Manganese in Steels

Manganese in Steels  Manganese (Mn) (atomic number 25 and atomic weight 54.93) has density of 7.44 gm/cc. Melting point of Mn is 1244 deg C and boiling point is 2095 deg C. The phase diagram of the Fe-Mn binary system is at Fig 1. Fig 1 Fe-Mn phase diagram  Mn is present in most commercially made steels. Mn plays a key role in steel because of its two important properties namely (i) its ability to combine with sulphur (S), and (ii) its powerful deoxidation capacity. Mn is undoubtedly the most prevalent alloying agent in steels, after carbon (C). Mn is intentionally present in many grades of steel and is a residual constituent of virtually all others. Mn has played a key role in the development of various steel making processes and its continuing importance is indicated by the fact that about 85 % to 90 % of all Mn consumed in the world annually goes into iron and steel making as well as in steel as an alloying element. No satisfactory substitute for Mn in steel has been identified which combines its relatively low price with outstanding technical benefits. Available forms Mn is used in steel industry in an extensive variety of product forms. These can be classified into three major groups namely (i) ferro-manganese (Fe-Mn), (ii) silico-manganese (Si-Mn), and (iii) Mn ore. There are several standard grades within each group. Fe-Mn and Si-Mn are used mainly during steel making while Mn ore is mainly used in iron making. Types of Fe-Mn and Si-Mn produced are given in article having link http://ispatguru.com/717/. High density Mn containing 96 % or 97 % Mn, depending on grade and Iron (Fe) as the principal impurity, is also used as a desirable addition agent for super alloys, stainless...

Contract and Contract Management...

Contract and Contract Management  Contract is defined in short as an agreement between two or more parties enforceable under the law. A contract is a legally binding agreement between the parties identified in the agreement to fulfill all the terms and conditions outlined in the agreement. A prerequisite requirement for the enforcement of a contract, amongst other things, is the condition that all the parties to the contract accept the terms and conditions described in the contract. Historically, this was most commonly achieved through signature, but in many jurisdictions – especially with the advance of electronic commerce – the forms of acceptance have expanded to include various forms of electronic signature. Party/parties awarding the contract are known as the purchaser or employer. Party/parties agreeing to execute or perform the contract are known as the supplier or contractor. Contracts are of several types. They are normally classified as supply contracts, service contracts, management contract, transport contract, sales contracts, purchase contracts, design and engineering contract, training contract, maintenance contract, civil contract, and erection contract etc. Contract life cycle management is defined as the process of systematically and efficiently managing contract creation, execution and analysis for maximizing operational and financial performance and minimizing risk. Contract management life cycle is shown in Fig 1 Fig 1 Contract management life cycle  A contract life cycle has two distinct phases namely pre signing phase and post signing phase. The pre signing phase consists of activities before the signing of the contract. The activities in this phase are dominated by the purchaser/employer. There is no supplier/contractor in this phase but there are bidders. One of the bidders becomes supplier/contractor after the award/signing of the contract. The activities involved in this phase are identification and approval of a requirement, preparation of a...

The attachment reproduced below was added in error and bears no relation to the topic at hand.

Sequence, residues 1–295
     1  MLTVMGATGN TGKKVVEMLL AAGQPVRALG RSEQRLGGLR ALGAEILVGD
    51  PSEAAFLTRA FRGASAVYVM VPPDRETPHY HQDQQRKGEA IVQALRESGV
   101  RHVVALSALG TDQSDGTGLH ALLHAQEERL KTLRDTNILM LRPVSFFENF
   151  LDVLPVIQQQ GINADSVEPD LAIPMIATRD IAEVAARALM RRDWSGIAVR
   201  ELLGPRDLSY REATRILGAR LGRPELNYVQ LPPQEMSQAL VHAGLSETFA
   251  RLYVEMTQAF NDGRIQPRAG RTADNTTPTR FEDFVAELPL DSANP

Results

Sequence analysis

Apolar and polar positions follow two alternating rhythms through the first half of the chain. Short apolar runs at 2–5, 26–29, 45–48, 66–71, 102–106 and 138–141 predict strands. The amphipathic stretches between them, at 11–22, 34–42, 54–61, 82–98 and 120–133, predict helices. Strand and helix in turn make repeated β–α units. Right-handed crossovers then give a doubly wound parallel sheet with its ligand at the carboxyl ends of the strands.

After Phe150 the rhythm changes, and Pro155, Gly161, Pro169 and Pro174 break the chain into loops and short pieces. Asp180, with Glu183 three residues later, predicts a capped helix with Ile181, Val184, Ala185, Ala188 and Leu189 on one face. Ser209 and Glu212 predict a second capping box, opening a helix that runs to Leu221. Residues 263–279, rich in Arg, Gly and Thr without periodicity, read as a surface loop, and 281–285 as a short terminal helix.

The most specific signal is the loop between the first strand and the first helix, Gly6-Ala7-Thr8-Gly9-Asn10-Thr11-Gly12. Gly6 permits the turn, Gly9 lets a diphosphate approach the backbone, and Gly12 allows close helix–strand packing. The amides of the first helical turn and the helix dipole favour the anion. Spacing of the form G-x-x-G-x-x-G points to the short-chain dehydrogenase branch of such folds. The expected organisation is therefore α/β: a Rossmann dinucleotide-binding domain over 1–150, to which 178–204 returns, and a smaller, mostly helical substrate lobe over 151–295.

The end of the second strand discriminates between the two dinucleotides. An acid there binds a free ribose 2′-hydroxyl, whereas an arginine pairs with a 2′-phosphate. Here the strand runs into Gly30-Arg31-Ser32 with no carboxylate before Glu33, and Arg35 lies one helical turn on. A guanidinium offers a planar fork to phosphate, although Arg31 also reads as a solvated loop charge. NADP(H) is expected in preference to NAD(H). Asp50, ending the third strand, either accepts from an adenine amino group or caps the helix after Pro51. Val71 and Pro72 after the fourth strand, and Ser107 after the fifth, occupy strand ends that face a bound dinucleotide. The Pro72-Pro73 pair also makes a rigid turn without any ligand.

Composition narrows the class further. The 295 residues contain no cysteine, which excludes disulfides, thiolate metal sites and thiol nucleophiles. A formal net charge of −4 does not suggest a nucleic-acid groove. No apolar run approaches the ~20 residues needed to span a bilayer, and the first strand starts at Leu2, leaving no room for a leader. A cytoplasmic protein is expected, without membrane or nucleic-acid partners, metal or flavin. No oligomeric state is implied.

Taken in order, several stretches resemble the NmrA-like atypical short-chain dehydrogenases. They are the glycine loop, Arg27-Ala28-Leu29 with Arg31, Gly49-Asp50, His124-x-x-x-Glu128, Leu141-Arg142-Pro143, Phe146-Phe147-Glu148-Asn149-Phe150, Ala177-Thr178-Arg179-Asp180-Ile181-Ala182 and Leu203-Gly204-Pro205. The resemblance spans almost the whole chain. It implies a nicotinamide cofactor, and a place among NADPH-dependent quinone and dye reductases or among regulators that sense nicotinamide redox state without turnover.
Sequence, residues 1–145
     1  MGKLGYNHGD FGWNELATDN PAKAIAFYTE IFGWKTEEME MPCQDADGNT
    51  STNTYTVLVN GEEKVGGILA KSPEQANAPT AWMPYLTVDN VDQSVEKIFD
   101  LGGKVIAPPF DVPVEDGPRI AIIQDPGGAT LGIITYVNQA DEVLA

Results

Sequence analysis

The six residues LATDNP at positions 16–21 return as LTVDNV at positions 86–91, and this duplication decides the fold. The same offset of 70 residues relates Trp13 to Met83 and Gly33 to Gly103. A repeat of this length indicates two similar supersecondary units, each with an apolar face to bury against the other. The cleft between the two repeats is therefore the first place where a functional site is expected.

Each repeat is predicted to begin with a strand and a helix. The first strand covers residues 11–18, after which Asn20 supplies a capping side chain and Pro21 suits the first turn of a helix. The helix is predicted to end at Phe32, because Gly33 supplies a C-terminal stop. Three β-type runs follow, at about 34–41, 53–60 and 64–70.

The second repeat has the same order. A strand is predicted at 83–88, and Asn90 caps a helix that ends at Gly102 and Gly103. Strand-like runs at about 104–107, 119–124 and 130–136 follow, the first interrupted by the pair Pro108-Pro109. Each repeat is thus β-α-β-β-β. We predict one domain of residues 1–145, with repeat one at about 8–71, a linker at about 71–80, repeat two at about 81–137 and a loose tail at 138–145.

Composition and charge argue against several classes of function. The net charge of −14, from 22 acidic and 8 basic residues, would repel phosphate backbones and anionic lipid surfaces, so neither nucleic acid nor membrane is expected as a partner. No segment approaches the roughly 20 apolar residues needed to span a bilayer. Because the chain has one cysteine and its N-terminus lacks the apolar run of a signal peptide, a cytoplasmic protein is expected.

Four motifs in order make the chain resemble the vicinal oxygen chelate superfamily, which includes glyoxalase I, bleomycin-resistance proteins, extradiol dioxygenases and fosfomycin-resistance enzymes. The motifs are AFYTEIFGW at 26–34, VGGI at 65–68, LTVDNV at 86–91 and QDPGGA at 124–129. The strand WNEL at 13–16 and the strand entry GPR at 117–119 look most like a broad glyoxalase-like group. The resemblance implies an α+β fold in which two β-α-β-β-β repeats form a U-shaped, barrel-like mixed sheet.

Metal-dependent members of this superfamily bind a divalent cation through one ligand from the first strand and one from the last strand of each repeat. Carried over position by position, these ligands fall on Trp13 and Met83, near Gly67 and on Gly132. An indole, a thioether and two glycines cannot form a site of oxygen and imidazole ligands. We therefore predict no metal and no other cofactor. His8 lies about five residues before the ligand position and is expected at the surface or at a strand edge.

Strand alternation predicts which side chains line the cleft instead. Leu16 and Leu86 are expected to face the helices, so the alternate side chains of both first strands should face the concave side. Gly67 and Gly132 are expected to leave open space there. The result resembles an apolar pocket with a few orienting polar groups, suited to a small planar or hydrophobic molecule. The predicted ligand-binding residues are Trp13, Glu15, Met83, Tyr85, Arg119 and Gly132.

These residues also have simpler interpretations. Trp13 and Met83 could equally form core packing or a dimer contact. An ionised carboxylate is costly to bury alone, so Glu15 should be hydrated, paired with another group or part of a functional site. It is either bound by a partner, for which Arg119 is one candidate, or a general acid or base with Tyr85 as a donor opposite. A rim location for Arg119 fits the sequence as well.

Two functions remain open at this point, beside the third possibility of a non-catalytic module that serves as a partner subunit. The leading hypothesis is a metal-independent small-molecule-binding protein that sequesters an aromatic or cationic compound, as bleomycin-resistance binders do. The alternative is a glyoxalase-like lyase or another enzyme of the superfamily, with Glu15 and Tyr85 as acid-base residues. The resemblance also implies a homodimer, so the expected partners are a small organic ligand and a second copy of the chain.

Solid Waste Management in a Steel Plant Sep29

Solid Waste Management in a Steel Plant...